Diabetes and your heart: Know your cardiovascular risks

Feb 1, 2021


People with a diabetes diagnosis are twice as likely to also have heart disease or experience a stroke. And if you have diabetes, you’re more likely to have heart problems at a younger age. Thankfully, you can make some lifestyle changes to increase your heart health.

How a diabetes diagnosis affects your heart

When you have elevated blood sugar for a long time, it can damage your blood vessels and nerves. This damage increases your risk for other conditions that can lead to heart disease, such as:

  • High blood pressure, which puts excess pressure on your artery walls.
  • Excess LDL, or “bad” cholesterol, which can lead to plaque build-up on your arteries.
  • High triglycerides, which can contribute to the hardening of arteries.

Any of these health conditions increases your risk of cardiovascular disease. Cardiovascular disease is a term that encompasses all types of heart disease, stroke and blood vessel disease.

For example, you can have plaque buildup and artery hardening in the legs and feet, known as peripheral arterial disease (PAD). In many people with diabetes, a PAD diagnosis is the first sign that you have significantly increased cardiovascular risks.

What can I do if I have diabetes?

“If you have diabetes, the best treatment approach is to participate in a comprehensive diabetes management and education program,” says Raul Ayala, MD, family medicine provider with Adventist Health Medical Offices in Selma and Hanford, California.

What does a management and education program entail? Typically, it means that you will work with your healthcare provider on:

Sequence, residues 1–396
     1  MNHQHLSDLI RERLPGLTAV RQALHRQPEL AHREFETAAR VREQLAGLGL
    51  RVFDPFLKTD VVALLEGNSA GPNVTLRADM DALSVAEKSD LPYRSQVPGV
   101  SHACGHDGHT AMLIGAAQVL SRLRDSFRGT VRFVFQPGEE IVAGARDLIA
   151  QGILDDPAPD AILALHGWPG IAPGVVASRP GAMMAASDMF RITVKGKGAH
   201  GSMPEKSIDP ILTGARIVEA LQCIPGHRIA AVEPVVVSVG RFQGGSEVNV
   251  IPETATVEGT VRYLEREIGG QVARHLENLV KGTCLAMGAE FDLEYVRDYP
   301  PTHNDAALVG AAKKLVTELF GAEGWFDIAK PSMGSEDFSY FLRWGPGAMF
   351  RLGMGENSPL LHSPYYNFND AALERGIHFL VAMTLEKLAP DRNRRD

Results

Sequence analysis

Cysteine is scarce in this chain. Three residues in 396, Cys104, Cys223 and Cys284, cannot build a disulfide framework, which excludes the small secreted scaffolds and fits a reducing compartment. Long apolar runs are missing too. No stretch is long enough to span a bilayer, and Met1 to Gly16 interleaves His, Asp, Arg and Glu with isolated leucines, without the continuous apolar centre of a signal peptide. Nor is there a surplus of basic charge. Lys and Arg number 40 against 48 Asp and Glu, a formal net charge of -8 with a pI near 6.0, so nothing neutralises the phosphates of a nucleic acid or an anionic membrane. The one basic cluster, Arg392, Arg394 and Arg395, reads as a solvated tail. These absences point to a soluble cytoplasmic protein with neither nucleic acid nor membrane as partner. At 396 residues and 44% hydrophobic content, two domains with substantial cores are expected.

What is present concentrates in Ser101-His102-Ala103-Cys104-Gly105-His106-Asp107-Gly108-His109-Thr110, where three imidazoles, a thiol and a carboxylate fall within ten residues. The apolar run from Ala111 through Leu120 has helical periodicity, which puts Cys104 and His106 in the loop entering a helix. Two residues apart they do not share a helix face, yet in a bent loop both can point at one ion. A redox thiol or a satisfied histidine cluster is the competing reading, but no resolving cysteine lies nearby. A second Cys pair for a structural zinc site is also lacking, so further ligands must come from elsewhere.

• Your nutrition and diet
  • An optimal exercise plan
  • Increasing awareness of your personal risk factors

Do I have other risk factors?

If you have diabetes, the good news is that there are many lifestyle changes that can decrease your cardiovascular risks and improve your health. Some of the most important changes to make include:

  • Avoiding a diet high in saturated fat, trans fat, cholesterol or sodium
  • Exercising most days of the week
  • Limiting your alcohol intake
  • Quitting smoking
  • Maintaining an optimal weight for your age and sex
  • Managing stress in a healthy manner

Dr. Ayala notes that, in general, adults with diabetes should engage in moderate-intensity aerobic exercise for 30-60 minutes on most days of the week. “If you are overweight or obese, you should also reduce your caloric intake and increase your physical activity to achieve weight loss,” says Dr. Ayala.

Most crucially, speak with your healthcare provider about how you can manage your diabetes. Your healthcare provider can help connect you with specialists, such as dietitians or diabetes educators, as needed. These specialists are experts in helping you live a healthy life with a diabetes diagnosis.

If you need help managing diabetes, cardiovascular disease or other health concerns, find a healthcare provider near you.